Under the Hood
---- — The information you supplied about going to an auto parts store to get a “check engine” light diagnosed is wrong. I tried that a few months ago and was told by AutoZone that our illustrious California legislature has forbidden parts stores from performing that service unless they also will repair the problem.
You are correct that in some areas — California and Hawaii among them — certain auto parts stores are no longer offering to retrieve diagnostic trouble codes for customers in the parking lot. The reason is this service lies in a gray area between offering a helpful free service and, on the other hand, diagnosing and repairing vehicles without an automotive repair dealer license.
Additionally, in California, emission-related repairs — all of which are “check engine” light issues — can only be performed by a licensed smog technician or the vehicle owner. It’s my understanding that in California, rather than a law, there is an agreement between the state Bureau of Automotive Repair and the big chain parts stores to steer clear of this area. Smaller chains and independents seem to be under the radar thus far.
Free “check engine” light diagnosis is a controversial topic. Consumers can certainly benefit from becoming aware of the severity of a “check engine” light issue, such as whether the engine will quit or become damaged, or whether a repair can be put off.
Repair shops likely cringe at the thought that a non-technician may be alluding to or recommending a certain part be replaced or service be performed, based solely on a diagnostic trouble code being present.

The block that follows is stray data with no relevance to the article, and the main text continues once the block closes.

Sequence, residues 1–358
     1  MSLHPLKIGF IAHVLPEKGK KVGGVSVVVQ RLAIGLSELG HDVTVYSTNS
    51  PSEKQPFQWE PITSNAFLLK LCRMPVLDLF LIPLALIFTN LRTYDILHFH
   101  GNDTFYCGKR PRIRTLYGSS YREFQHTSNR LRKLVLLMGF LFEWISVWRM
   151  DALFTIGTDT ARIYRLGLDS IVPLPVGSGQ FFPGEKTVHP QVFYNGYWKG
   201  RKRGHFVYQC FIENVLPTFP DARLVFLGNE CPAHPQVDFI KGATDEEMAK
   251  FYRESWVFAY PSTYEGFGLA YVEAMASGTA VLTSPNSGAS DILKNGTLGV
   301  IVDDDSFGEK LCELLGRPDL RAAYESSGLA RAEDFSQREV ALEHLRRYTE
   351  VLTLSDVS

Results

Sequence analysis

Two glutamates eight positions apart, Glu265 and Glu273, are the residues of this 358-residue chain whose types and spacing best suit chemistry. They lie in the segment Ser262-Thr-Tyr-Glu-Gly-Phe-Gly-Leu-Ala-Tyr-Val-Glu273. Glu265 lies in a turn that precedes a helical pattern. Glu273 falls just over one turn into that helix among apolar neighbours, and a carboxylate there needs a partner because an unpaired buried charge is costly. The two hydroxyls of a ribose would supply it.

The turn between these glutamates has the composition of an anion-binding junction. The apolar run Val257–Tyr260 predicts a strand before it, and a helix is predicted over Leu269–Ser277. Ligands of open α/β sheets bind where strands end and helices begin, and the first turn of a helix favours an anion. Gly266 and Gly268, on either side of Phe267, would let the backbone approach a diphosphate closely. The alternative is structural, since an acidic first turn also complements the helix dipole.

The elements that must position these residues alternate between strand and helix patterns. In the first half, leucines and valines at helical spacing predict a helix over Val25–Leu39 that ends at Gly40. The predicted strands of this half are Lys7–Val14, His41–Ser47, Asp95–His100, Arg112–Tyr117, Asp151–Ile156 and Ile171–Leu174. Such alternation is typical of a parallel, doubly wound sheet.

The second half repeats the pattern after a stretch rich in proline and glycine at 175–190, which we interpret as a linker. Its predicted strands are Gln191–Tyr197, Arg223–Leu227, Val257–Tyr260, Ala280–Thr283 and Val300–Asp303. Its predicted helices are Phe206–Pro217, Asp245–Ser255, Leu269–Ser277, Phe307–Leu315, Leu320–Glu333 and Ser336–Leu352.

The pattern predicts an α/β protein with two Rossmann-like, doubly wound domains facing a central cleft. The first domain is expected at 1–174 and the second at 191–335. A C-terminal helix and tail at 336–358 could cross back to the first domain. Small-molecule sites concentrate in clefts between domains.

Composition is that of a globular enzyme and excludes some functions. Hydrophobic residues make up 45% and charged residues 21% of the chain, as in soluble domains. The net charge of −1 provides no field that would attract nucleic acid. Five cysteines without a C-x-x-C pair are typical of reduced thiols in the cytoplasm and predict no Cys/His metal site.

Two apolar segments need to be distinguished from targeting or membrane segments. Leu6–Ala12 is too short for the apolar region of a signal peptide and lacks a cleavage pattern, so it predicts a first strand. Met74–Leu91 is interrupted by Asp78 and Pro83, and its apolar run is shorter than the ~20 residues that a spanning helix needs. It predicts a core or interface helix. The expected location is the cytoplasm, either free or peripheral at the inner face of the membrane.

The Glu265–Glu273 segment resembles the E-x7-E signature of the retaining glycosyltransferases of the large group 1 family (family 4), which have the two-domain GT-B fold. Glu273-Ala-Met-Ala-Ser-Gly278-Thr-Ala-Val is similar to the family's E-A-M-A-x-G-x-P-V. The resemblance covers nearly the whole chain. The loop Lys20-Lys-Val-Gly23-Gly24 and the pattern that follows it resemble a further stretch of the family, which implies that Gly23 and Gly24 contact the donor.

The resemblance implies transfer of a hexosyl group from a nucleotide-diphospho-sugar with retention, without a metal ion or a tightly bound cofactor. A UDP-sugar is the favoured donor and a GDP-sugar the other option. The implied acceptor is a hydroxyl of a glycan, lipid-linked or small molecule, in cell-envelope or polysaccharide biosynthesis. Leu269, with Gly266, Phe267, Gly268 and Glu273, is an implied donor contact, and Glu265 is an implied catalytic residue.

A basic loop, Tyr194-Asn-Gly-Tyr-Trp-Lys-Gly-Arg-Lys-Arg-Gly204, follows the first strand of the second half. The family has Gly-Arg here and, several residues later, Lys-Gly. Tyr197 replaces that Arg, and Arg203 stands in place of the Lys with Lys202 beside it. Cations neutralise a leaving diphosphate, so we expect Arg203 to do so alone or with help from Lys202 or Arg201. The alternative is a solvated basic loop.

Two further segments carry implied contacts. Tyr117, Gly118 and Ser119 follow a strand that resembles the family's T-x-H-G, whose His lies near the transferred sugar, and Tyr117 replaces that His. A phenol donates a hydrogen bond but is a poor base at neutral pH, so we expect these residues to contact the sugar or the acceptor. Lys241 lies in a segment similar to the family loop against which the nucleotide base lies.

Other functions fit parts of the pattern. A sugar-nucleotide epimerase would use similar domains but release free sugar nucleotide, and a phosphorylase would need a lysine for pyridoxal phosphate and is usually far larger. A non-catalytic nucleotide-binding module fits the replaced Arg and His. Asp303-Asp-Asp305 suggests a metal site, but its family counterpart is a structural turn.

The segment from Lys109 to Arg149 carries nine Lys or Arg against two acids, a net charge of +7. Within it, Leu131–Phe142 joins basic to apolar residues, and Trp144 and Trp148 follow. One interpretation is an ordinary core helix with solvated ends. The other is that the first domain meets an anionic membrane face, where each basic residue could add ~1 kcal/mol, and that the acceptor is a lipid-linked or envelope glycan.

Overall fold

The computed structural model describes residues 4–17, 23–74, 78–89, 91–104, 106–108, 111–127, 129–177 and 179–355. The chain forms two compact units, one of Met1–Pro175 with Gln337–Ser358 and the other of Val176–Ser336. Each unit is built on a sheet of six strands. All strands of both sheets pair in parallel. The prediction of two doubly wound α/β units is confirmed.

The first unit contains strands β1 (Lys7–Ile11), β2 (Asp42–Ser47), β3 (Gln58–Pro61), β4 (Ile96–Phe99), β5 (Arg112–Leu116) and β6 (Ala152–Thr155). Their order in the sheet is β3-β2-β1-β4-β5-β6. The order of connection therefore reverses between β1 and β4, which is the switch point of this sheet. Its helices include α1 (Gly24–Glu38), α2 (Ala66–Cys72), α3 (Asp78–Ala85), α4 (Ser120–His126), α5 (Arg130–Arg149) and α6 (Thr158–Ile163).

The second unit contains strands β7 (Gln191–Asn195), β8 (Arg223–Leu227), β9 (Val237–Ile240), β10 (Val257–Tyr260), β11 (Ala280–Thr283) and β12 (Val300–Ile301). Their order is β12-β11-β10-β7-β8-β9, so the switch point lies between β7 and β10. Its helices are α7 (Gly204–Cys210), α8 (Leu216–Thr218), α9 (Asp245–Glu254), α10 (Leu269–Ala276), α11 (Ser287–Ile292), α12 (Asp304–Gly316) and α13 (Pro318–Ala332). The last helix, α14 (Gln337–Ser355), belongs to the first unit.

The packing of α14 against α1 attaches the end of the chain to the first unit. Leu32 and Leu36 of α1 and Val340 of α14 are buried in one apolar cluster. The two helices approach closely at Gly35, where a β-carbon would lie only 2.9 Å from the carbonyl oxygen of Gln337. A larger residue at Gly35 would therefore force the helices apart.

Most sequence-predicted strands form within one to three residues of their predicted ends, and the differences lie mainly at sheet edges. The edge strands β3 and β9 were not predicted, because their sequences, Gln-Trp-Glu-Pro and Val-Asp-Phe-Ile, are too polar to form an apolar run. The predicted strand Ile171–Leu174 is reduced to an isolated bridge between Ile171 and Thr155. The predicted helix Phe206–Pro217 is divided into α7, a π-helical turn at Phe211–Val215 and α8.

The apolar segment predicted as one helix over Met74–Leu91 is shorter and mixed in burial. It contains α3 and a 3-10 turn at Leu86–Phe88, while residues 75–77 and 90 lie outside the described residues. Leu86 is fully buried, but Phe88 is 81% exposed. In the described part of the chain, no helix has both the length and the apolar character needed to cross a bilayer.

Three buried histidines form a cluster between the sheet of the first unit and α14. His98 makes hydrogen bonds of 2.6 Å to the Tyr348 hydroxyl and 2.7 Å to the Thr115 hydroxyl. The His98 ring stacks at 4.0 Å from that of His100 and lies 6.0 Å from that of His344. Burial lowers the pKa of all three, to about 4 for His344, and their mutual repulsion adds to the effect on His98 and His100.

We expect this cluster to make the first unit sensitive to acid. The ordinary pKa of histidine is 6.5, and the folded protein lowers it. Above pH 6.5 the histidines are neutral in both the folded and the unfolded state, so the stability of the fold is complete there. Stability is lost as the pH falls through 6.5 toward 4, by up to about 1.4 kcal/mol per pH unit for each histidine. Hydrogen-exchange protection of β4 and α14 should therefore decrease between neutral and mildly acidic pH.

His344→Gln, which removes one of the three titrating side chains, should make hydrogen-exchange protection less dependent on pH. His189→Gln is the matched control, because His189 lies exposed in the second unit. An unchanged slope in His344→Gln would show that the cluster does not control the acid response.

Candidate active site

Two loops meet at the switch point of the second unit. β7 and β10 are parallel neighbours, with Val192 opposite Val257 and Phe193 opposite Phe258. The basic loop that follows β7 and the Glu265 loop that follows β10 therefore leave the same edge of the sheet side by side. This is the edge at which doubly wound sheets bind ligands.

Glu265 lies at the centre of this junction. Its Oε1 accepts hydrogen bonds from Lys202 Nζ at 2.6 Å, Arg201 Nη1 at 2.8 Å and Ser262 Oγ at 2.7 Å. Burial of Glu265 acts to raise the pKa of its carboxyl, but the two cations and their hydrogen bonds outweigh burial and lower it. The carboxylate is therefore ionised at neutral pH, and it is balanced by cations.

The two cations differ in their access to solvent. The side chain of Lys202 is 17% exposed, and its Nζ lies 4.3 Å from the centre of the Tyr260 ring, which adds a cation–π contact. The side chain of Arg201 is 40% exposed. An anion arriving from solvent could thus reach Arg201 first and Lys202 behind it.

Why is it so difficult to be sure of a certain repair or failed part when the “check engine” light comes on?
A modern vehicle’s onboard diagnostic system is very smart, but almost all identified problems require a human to test additional things before the exact cause of the fault can be found.
Some diagnostic trouble codes, or DTCs, point fairly clearly at a failed part. Take DTC P0135: oxygen sensor heater circuit malfunction: bank 1, sensor 1. In most cases, it will be fixed by replacement of the bank 1, front oxygen sensor.
It’s also possible a wiring fault or other issue could be the cause. Throwing an O2 sensor at the car, in this case, may fix the problem perhaps 9 out of 10 times.
In another case, DTC P1259 indicates a variable valve timing/lift problem on a Honda and possibly an expensive part to be renewed. Skilled diagnosis leads to a pleasant conclusion: a simple oil change, using the correct viscosity oil, makes everything right again.
Or a Volkswagen Jetta Turbo has a half-dozen or more DTCs at one time — imagine renewing expensive parts for each code on this one — and the single cause turns out to be a failed PCV diaphragm. This simple mechanical fault causes such odd-ball symptoms that onboard diagnostics simply can’t figure it out.
The bottom line is that retrieving a trouble code is the first of many needed steps when diagnosing an illuminated “check engine” lamp. Leapfrogging to a conclusion works occasionally, but in many cases leads to unnecessary parts replacement or work performed. A vehicle owner with DTC and proper tools in hand should not be discouraged from attempting repairs, as long as he or she finds and follows available published procedures.
Brad Bergholdt is an automotive technology instructor at Evergreen Valley College in San Jose, Calif. Readers may send him email at firstname.lastname@example.org; he cannot make personal replies.